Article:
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Planning Retirement Online

Keeping warm in winter

Laterlife likes to work with the Royal Voluntary Service when it can. This great organisation enriches the lives of older people across the UK by giving time and practical help covering a whole range of activities. Its members are ordinary men and women who are willing to give an hour or two or sometimes a lot more to assist in a number of areas, from helping an older person with shopping, taking their dog for a walk or perhaps reading to people with failing eyesight. Many members of the RVS are retired or semi retired who can now find the time to give something back to the community. If you would like to know more, visit http://www.royalvoluntaryservice.org.uk/

Prepare for wintry conditions

For most people, when the clocks go back it signals the start of winter. We all know that, as the years go by, many of us feel the cold just a little more than we did in our youth. Whether we like it or not, we can also be more susceptible to illness than we were in our younger days. Also changing conditions, including of course the increased threat of power cuts this winter, means we all need to become a little more prepared than we may have been in the past.

The Royal Voluntary Service has looked at how to keep healthy and well in winter and has developed some top tips of things to consider and ways to prepare for winter. Even if you are totally fit and active, there are some good tips here and there may also be ideas you can pass on to older people you know.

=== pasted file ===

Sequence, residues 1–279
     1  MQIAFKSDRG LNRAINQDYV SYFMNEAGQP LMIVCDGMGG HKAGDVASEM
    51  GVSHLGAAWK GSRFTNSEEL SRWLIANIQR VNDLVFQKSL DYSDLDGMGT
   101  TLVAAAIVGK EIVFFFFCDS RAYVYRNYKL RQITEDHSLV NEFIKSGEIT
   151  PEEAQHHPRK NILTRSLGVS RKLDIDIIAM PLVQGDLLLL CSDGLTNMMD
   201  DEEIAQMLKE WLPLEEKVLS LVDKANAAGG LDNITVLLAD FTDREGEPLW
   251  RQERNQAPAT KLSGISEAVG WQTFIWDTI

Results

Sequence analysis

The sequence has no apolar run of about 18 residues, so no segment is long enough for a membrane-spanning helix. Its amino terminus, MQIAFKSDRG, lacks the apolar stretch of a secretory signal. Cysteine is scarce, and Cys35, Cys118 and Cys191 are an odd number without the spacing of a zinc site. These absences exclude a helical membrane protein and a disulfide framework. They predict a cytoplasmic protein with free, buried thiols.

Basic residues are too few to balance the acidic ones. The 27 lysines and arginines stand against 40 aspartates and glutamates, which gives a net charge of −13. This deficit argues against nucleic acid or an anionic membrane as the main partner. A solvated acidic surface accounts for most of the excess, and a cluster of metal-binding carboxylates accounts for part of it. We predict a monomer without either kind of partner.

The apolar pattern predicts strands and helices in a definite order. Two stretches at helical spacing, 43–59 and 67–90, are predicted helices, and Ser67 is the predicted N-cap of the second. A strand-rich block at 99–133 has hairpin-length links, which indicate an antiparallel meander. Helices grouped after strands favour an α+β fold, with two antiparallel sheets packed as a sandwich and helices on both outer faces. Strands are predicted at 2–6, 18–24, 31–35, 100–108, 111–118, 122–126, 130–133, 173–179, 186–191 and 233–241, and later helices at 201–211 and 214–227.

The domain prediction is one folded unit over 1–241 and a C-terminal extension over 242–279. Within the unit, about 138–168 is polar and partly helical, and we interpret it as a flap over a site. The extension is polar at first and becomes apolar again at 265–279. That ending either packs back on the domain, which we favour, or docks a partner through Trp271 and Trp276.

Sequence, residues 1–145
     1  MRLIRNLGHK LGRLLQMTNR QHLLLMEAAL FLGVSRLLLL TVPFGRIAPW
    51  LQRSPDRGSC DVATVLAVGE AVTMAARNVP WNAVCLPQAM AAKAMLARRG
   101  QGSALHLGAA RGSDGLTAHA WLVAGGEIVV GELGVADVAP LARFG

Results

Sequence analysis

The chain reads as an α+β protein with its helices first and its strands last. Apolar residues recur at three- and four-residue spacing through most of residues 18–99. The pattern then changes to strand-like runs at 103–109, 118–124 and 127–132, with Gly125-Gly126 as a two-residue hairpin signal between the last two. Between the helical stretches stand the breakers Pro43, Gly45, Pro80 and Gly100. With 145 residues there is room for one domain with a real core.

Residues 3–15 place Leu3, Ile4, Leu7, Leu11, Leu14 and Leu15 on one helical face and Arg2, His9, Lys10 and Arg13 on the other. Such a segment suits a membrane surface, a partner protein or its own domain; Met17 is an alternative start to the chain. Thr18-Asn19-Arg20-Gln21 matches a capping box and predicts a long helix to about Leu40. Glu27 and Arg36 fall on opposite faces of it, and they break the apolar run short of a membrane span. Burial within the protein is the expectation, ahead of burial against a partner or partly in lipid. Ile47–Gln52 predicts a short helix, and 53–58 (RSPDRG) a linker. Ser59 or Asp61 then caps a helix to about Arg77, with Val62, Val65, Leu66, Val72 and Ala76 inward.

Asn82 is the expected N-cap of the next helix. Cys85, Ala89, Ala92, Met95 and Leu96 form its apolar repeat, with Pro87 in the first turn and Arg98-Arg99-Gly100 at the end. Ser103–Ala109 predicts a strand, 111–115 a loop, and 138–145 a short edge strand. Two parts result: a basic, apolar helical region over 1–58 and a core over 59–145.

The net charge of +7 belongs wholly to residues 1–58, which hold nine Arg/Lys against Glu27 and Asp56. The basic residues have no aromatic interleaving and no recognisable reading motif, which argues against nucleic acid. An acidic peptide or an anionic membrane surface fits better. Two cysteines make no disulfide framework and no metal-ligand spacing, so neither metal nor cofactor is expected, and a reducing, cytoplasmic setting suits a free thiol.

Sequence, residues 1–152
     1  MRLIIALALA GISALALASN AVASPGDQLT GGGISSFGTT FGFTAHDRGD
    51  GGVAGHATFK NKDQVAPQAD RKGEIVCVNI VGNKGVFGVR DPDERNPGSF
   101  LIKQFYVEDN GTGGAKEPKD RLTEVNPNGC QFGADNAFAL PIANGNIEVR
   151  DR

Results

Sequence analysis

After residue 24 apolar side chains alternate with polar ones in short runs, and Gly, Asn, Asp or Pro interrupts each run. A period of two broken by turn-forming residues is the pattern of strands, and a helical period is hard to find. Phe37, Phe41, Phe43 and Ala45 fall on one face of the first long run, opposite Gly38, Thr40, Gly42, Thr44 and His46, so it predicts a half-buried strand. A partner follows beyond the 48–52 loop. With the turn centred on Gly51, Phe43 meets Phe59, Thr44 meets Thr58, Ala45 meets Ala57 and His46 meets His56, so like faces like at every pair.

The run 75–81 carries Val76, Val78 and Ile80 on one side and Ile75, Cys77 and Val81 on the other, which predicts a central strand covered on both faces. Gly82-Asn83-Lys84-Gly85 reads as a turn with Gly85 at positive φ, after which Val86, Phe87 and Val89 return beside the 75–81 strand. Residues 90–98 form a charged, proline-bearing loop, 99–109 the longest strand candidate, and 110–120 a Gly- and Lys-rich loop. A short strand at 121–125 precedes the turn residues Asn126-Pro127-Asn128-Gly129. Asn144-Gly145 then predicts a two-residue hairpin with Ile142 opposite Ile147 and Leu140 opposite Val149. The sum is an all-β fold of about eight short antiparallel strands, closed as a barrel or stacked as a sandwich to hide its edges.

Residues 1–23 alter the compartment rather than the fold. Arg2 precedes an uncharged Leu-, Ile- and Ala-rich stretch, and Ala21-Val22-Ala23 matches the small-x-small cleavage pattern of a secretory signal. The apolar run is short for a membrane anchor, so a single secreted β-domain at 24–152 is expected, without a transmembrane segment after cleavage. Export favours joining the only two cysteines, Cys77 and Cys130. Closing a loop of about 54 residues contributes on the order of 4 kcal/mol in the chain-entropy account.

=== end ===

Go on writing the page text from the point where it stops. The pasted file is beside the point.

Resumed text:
Get ready for winter

  • Keep an eye on weather forecasts, particularly severe weather warnings from the Met Office.
  • Stock up on basics in case you can’t get out of your home for a couple of days.
  • Nominate a flu friend or neighbour who can collect essentials such as prescriptions on your behalf.
  • Keep a list of emergency contacts by your phone.
  • Know where your stopcock is located.
  • Make sure your pipes are adequately lagged and your roof properly insulated.

Stay safe

  • Don’t take any risks in snow or icy conditions. If you have to go out, make sure you wear shoes with a good grip.
  • Keep torches, a battery-powered radio and spare batteries where they’re easy to find in the dark in case of power cuts.
  • If you can, get a mobile phone (as it doesn't not rely on your electricity supply) and keep it charged.

Stay well

  • Have your flu jab – book your appointment now if you haven’t already done so.
  • Try to eat a balanced diet and eat small portions at regular intervals throughout the day.
  • Drink plenty of fluids.
  • If you can, get up and move around. If your mobility is more limited, do some chair exercises to help you stay warm and active.
  • Good hand hygiene can prevent the spread of viruses.

Stay warm

  • If eligible, join the Priority Service Register of your energy distributor to ensure you receive support during prolonged power outages.
  • Have a hot drink regularly and if you find moving about difficult, have a flask handy.
  • Have your heating system checked every year and consider installing thermostatic valves on radiators in the rooms you use the most.
  • Ask about any benefits, grants and discounts you might be entitled to such as pension credits, winter fuel payments and insulation.
  • Wear warm clothes in layers.

Stay in touch

  • Make sure you know how to contact your neighbours by phone – it’s easy to lose touch in the winter months when people aren’t out and about as much.
  • Continue to go to your social activities with friends or at the local community centre. If you can’t get out for any reason, call them to let them know and ask to keep in touch by phone.

There are some good tips there from the RVS and one other we are aware of is also important – keep an eye out for your neighbours and even distant friends. If the UK heads into a freezing snap, contact anyone who you feel might be vulnerable and check they are warm and safe. It sounds so obvious, but look at any statistics and the number of people who encounter real problems because of their isolation in winter is frightening.

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